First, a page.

Indian civilisation has always been open to new streams of thought and information and this diversity is at the core of our pluralistic society, President Pranab Mukherjee said today.
Addressing a function, Mukherjee said in every aspect, India represents a balance between tradition and modernity.
“We find our history and heritage reflected in almost all our transactions from the mundane level of every day custom and ritual to our academic work in science, innovation and maths and also our spiritual pursuits, creativity and cultural activities. Our villages are firmly rooted in our traditions but have simultaneously leapfrogged into cyber space.
“Yoga and ayurvedic medicine are examples of ancient Indian science that still have an important influence in our daily practices. They continue to be popular and are being actively revived and promoted. Indian civilisation has always been open to new streams of thought and information. This diversity is at the core of our pluralistic society,” the President said, while giving away ‘Distinguished Indologist’ award here.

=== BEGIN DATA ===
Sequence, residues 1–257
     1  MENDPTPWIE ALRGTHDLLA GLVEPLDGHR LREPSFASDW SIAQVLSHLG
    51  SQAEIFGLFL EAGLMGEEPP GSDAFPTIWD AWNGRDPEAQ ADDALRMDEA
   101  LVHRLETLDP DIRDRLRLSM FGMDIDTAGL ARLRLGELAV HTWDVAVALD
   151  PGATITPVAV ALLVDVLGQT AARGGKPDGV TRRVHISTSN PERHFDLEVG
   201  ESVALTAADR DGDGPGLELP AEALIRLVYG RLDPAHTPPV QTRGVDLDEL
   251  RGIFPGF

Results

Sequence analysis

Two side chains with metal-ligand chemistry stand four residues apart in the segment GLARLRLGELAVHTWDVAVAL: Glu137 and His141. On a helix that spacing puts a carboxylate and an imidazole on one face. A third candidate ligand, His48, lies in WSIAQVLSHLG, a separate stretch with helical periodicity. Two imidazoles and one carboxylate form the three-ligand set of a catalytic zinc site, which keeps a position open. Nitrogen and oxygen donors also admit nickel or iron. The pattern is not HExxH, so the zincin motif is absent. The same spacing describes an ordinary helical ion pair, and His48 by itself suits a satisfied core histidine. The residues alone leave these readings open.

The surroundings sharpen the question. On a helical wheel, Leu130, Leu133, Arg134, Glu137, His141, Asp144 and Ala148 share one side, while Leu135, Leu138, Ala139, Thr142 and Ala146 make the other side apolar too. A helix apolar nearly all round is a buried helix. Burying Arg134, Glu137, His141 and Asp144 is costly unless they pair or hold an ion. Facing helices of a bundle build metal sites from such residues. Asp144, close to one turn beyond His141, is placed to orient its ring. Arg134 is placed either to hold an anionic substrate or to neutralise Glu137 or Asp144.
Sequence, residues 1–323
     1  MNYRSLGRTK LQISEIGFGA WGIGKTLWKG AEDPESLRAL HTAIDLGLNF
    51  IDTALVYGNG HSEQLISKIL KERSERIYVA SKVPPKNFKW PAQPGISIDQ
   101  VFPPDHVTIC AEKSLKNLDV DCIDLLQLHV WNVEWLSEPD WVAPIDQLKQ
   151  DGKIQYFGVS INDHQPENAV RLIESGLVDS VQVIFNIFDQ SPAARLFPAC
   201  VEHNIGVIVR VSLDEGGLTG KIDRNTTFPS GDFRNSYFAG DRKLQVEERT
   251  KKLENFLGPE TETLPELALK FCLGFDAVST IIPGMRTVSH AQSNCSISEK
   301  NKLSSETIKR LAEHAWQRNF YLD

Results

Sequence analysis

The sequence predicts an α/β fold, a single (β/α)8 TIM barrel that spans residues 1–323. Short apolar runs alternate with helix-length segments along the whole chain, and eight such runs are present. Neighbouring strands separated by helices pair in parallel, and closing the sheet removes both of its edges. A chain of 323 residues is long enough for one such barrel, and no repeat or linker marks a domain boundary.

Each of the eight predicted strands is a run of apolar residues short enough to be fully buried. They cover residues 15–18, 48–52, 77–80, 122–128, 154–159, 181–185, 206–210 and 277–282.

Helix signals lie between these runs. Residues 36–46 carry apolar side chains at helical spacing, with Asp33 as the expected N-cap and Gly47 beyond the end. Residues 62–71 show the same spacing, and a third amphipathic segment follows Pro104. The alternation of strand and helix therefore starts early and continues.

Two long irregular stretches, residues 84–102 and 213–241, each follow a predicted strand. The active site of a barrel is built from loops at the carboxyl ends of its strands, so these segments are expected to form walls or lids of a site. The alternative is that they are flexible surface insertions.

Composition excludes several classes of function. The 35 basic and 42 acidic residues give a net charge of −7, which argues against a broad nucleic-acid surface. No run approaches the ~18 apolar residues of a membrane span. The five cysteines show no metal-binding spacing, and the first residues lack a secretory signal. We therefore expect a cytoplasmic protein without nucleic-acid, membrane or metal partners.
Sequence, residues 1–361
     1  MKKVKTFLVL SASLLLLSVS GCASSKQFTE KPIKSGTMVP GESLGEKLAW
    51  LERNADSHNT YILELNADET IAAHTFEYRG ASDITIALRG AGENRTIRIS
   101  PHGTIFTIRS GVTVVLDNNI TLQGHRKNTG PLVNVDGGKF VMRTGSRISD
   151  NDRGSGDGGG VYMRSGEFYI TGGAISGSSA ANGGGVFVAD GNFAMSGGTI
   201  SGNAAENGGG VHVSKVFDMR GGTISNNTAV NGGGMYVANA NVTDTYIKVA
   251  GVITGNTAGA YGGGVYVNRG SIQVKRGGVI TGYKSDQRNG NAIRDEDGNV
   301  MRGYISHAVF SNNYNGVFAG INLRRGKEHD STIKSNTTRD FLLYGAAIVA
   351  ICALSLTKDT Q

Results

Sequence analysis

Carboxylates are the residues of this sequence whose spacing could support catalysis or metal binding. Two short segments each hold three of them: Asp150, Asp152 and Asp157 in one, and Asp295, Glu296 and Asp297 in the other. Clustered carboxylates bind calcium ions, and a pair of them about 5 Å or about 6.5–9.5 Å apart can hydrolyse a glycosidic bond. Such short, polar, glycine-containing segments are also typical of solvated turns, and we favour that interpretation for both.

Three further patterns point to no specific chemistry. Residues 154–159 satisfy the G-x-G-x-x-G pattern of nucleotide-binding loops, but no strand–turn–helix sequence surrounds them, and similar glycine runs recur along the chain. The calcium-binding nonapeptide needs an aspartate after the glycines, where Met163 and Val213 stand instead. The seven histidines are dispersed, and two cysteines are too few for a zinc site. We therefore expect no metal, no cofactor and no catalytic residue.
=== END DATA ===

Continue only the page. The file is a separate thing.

The honour–second Indian Council for Cultural Relations (ICCR) Distinguished Indologist award– was given to Prof Yu Long Yu of the People’s Republic of China.
Yu, Professor and Director at the Centre for Indian Studies, Shenzhen University, has studied Indology for half-a-century and is the pioneer in it in South China.
He has translated Indian novels, dramas, and published more than 80 academic articles.
He is the author of several books. He has set up the Centre for Indian Studies and Tan Yunshan Sino-Indian Friendship Museum in Shenzhen University.
The President said it is not surprising that the second Distinguished Indologist award is conferred on a scholar from China, a civilisation with which India has had age-old academic and cultural exchanges.
“The contacts between our scholars, scientists and historians date back to ancient times. These mutually inspiring relationships were further reinforced by the impelling ties of religion, trade and cultural affinities,” Mukherjee said.
He said the wealth of our multi-faceted experiences has made Indology vast in its scope.
“Our unique heritage has made it extremely rewarding for scholars to explore it in the framework of India’s vibrant tradition, its history, languages, culture and religions,” the President said